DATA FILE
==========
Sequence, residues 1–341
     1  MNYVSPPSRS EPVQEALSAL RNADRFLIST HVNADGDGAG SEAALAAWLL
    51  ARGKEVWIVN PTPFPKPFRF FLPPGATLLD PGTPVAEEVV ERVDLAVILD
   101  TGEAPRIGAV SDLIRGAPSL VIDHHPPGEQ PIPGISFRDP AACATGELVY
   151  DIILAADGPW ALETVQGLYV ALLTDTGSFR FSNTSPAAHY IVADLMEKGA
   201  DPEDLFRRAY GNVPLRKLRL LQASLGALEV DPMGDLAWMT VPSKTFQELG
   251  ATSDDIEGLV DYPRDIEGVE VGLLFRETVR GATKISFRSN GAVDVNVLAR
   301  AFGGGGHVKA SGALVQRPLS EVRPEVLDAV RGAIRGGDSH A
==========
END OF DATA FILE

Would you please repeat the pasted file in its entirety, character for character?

Sequence, residues 1–341
     1  MNYVSPPSRS EPVQEALSAL RNADRFLIST HVNADGDGAG SEAALAAWLL
    51  ARGKEVWIVN PTPFPKPFRF FLPPGATLLD PGTPVAEEVV ERVDLAVILD
   101  TGEAPRIGAV SDLIRGAPSL VIDHHPPGEQ PIPGISFRDP AACATGELVY
   151  DIILAADGPW ALETVQGLYV ALLTDTGSFR FSNTSPAAHY IVADLMEKGA
   201  DPEDLFRRAY GNVPLRKLRL LQASLGALEV DPMGDLAWMT VPSKTFQELG
   251  ATSDDIEGLV DYPRDIEGVE VGLLFRETVR GATKISFRSN GAVDVNVLAR
   301  AFGGGGHVKA SGALVQRPLS EVRPEVLDAV RGAIRGGDSH A